Tag Archives: words

Hythe

This morning, Bubo and I took a delightful hike up through the woods. With the fresh snow fall muffling sounds, I felt as though we were alone on the earth. Of course, the normally noisy forest inhabitants were quiet; my hiking companion is a great-horned owl, after all.

I feel so fortunate to have Great Great Uncle O. Underhill’s house to call my home. It fits me like a glove. Yes, perhaps because it is mysteriously the mirror image of my old house in Brooklyn. But there’s something more here. Which brings me to today’s word.

Hythe is a noun that means a small port or haven; sanctuary. The word is considered obsolete except in the names of towns like Rotherhithe, Queenhithe, and Lambeth. No one seems to know exactly how the word came about, and it can be found in J.R.R. Tolkien’s The Fellowship of the Ring.

I find this house tucked into the woods in the Green Mountains quite a hythe.

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Septentrional

While coffee is a truly lovely elixir to inspire morning alertness, there is truly no substitute for finding a rather rotund field mouse in one’s slipper to snap one awake in the morn.

This is precisely how my morning started. Lucky for the little fellow, I am slow-moving in the morning, and was tentatively guiding my toes into my slippers when I detected minute whiskers and fur in the toe box of my old house shoes.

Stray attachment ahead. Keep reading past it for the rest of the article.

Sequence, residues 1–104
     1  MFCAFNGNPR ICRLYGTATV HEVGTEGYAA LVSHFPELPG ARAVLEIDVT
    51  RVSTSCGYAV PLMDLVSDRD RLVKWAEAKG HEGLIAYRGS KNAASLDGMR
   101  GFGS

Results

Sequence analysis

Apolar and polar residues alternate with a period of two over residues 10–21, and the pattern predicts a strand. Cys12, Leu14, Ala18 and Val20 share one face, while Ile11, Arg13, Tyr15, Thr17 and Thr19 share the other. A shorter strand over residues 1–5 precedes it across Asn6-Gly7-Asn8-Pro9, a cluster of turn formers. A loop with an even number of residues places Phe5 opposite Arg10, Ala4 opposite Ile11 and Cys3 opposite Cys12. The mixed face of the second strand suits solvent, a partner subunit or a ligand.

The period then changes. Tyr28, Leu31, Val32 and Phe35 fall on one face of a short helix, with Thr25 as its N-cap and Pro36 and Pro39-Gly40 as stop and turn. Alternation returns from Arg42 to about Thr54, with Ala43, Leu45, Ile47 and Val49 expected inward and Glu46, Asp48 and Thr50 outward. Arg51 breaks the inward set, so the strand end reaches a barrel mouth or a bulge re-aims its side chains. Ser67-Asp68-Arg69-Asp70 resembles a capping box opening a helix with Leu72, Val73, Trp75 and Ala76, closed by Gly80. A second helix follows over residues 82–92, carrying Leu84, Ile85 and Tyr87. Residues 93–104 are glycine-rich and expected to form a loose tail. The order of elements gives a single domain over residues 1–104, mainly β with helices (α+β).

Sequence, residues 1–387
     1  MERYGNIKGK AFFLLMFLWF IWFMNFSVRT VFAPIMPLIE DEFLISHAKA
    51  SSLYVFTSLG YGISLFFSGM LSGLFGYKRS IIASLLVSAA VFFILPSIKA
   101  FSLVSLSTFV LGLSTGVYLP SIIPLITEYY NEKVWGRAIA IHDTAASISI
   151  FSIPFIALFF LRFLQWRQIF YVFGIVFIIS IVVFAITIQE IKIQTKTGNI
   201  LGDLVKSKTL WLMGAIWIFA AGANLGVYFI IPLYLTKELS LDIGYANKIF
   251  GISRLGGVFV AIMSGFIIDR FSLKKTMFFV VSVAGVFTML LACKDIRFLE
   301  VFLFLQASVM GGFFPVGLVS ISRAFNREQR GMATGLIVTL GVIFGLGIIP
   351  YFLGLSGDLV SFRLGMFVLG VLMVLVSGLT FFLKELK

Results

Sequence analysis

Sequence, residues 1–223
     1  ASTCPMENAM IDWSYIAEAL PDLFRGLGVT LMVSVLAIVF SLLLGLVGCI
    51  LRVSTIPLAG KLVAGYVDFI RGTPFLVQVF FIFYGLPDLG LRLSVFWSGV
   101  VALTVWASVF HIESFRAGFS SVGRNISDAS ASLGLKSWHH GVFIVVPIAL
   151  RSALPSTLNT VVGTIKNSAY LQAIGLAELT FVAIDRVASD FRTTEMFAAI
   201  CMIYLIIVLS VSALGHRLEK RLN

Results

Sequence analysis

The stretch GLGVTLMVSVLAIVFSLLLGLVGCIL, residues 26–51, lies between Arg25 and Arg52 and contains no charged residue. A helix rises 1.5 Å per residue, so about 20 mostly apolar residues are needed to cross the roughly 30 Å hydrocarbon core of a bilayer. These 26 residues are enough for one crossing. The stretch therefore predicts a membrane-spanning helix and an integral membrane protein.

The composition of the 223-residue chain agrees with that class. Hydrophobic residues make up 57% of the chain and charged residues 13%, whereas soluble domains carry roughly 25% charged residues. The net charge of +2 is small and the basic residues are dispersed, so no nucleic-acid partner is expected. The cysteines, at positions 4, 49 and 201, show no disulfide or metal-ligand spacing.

I know what you’re thinking: this would have made a nice gift for Bubo, it being the day before St. Valentine’s Day and all, but I am a bit of a softy in the morning and I thought the little rodent deserved a fighting chance. This house, for countless years, has not been a home for a fierce and sardonic owl. How was the mouse to know that a new resident would like to use his whiskers for dental floss?

I collected him (in the slipper) and took him out to the fields and set him free. My, but he bounded over the snow quickly. I’m sure he’ll be back, this time as a snack in Bubo’s beak. But he deserves a breath of gorgeous northern air before that! (The air here truly is invigorating. Makes me feel eons younger and more energized!)

Which brings me to today’s word.

Septentrional is an adjective meaning, quite simply, northern. Pronounced thusly: sep-TEN-tree-uh-nuhl.

It hails from the Latin word septentriones, which is what some call the seven stars in the Great Bear (Ursa Major) constellation that appears in the northern sky. Septentriones actually means seven ploughing oxen and itself comes from the Latin septem for seven plus triones for ploughing oxen.

Now that I abide in a septentrional home, away from the ambient light of the city, I expect I’ll be able to do quite a bit of star gazing.

Provided I keep my shoes clear of creatures.

 

Can you spot the mouse?

Can you spot the mouse?

 

Bounding towards freedom!

Bounding towards freedom!

 

 

 

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Pogonotrophy

In the middle of a rousing pie tasting post Thanksgiving dinner, the boiler in the house decided to call it quits. It appears to have disintegrated instantaneously and is now a pile of rusty dust in the cellar. I have created a replacement boiler from leftover parts from the flying machine, but it will only hold for a few more weeks.